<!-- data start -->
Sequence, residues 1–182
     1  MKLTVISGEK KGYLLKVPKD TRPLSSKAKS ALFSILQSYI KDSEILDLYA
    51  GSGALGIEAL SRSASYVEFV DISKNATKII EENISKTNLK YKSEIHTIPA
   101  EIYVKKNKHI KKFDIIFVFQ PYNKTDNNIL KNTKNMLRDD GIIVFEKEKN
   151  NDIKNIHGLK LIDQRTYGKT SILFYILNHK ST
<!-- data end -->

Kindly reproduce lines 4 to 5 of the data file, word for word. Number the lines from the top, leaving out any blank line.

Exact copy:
   101  EIYVKKNKHI KKFDIIFVFQ PYNKTDNNIL KNTKNMLRDD GIIVFEKEKN
   151  NDIKNIHGLK LIDQRTYGKT SILFYILNHK ST